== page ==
Reaching new levels
People are being burned alive.
On Thanksgiving, Sunnis killed 215 Shiites in one neighborhood. So Friday, a few Shiites went and set six people on fire. Elsewhere some Shiite mosques were set ablaze, killing 19.
This year, thousands and thousands of bodies have been found throughout the capital. Many are found beheaded, most have been tortured–electric drills and the like; before they are killed. Average, every day people. Shopkeepers, students, policemen, interpreters.
Can you imagine living in a city like that? Where kidnapping, torture and bombs are normal? Baghdad is a city of several million people. It has civil entities like any other city–administration buildings, courthouses, markets, parks, water plants, electric plants. People get up and go to work everyday, just like here. They get in their cars and head down the street, listening to the radio.
Except in Baghdad, you don’t know if the men next to you will blow you up, or shoot you. A band of police may stop you, ask for your identification and, if they are Sunni and your are Shiite, or vice versa, they may kill you.
As a father, going to work, trying to feed your family, probably very underemployed, you don’t know if your children will make it though the day. You might try to sign up to be a policeman…one of the few stable jobs left…but who knows if you’ll make it through the recruitment line.
Instead of “Did you do your homework?” and “Remember to look both ways to cross the street,” what do you tell your kids? I’m sure hugs are a little tighter, a little longer, maybe. What sort of values does this violence teach the young Iraq? What sort of anger is being seeded in the hearts of the children as their friends and family are picked off around them?
College students fear for their lives. Dorms are attacked. Professors fear giving bad grades to students, who might go and rustle up a rival militia and have them killed. Many have fled the country, and hundreds who have stayed have been kidnapped or killed.
How do you function in a city like that? Power only works some hours per day. Usually city blocks have generators and you pay the owner for a little bit of power. Clean water is scarce. Trash lines every street. Sewers are a joke. A trip to the market for a day’s food might get you bombed. It’s not like you can stock up for a month’s worth of groceries…no power to keep the food cold.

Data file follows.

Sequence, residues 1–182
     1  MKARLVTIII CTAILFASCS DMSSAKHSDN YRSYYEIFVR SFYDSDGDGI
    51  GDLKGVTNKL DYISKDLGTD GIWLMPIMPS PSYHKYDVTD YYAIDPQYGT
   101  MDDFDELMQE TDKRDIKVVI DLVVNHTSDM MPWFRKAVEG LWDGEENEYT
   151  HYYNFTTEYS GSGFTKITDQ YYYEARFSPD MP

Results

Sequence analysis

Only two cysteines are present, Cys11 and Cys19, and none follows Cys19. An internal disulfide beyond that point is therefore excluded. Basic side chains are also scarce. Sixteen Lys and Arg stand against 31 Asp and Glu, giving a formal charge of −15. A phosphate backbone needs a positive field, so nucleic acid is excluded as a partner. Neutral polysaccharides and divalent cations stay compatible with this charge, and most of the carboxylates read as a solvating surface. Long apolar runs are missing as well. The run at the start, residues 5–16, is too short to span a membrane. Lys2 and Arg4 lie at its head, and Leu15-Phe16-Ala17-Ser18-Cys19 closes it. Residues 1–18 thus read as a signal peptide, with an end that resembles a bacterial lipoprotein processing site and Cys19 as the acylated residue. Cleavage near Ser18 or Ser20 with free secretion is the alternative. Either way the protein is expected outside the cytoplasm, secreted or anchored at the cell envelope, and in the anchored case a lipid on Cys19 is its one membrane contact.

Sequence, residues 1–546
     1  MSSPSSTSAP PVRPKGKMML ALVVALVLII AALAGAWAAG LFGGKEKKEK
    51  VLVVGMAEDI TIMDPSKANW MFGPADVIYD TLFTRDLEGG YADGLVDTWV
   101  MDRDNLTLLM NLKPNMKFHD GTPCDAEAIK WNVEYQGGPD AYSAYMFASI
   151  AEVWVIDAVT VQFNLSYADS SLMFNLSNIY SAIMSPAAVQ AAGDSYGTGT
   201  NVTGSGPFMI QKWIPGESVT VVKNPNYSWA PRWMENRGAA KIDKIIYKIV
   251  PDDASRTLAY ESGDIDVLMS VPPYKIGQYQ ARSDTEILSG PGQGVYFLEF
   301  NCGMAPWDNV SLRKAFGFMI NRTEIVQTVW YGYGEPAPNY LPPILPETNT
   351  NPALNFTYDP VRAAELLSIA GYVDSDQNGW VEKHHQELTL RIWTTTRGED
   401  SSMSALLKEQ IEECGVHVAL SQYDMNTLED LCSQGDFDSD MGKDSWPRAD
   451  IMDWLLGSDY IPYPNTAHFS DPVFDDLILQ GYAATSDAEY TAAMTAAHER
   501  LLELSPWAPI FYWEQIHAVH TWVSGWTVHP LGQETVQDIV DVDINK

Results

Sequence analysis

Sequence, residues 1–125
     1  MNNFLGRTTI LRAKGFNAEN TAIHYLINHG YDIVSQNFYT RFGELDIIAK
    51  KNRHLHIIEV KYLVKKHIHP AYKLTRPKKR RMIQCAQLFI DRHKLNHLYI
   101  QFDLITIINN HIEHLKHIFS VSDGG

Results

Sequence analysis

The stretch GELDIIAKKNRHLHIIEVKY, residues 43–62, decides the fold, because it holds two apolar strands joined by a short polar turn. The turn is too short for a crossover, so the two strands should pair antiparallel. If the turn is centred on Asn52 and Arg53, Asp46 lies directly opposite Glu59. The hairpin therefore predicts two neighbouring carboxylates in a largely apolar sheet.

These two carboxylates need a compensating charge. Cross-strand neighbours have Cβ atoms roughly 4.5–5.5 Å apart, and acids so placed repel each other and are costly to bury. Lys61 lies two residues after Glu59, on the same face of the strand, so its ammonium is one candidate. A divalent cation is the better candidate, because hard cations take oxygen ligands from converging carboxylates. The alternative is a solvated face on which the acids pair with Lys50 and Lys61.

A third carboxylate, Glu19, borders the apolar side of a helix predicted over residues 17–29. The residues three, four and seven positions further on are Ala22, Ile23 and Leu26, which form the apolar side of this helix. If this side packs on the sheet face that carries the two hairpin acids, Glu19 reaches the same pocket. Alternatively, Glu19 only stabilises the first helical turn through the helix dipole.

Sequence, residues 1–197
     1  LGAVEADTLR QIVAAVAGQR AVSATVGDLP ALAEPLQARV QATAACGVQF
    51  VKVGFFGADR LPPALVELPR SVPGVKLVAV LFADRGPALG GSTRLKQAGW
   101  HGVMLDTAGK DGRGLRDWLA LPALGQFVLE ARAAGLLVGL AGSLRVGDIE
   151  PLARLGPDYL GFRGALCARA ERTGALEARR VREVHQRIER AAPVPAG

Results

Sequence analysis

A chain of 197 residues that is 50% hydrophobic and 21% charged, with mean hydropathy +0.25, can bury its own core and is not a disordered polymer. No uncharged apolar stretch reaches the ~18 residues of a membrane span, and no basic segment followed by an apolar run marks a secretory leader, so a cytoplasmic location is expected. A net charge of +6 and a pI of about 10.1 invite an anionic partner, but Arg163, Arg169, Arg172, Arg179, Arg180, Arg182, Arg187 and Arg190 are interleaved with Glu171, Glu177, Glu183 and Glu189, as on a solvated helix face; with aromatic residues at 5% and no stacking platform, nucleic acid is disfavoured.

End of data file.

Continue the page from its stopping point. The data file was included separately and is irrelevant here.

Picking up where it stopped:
How does a city function at all? There are curfews at night–no one is allowed on the streets. On Fridays there is no pedestrian or car traffic allowed at all–you can’t even walk anywhere! In light of the recent surge in attacks, even the airport has been shut down until further notice.
How do you function as an Iraqi who wants to stay and make things better? There are all manner of people trying exploit the situation, but there are the men and women who won’t flee, who can’t, maybe, too poor; but who want to rebuild their homeland.
How do you run a business when you can’t get to work? How do you do business at all when people get killed on your street? How many times do you run outside to witness the burned out husks of car bombs and screams of the wounded before you cry out?
All of this, despite all America’s extension of of the troops to “secure the capital.” Now it’s time for all those extra boys to go home. And things will what? Get better?
My heart breaks to think of what it must be like to be a normal citizen there. Friends, cousins, bosses, imams, TV personalities, government officials, all are being gunned down around you. You see teams of men moving down the side streets in the black of night and you hold your breath, hoping they’re not breaking down your door, coming for your family. The Americans are around, but not to help. They just sweep the main roads to keep them clear for convoys. They don’t stop the death squads.
What do we expect the average citizens there to do? How should we expect them to feel? A lot of countries came in, made a lot of money, and all have left Iraq. How do you think that makes the average Iraqi feel? Can we really blame them for being so angry? We keep claiming liberation and democracy, freedom and a better world…and this is it? We say it “takes time,” but does it also take getting much, much worse without any hint of progress? Then it will, what, magically get better, like a fever breaking?
The oil is not flowing, the lights are not on, the government is not working, the killings not only have not stopped, but have escalated to the point where hundreds are killed every day…what’s next? Oh that’s right, I remember: stay the course.
Easily said in a speech, but harder to swallow, I imagine, as you hold what’s left of your son after a bombing.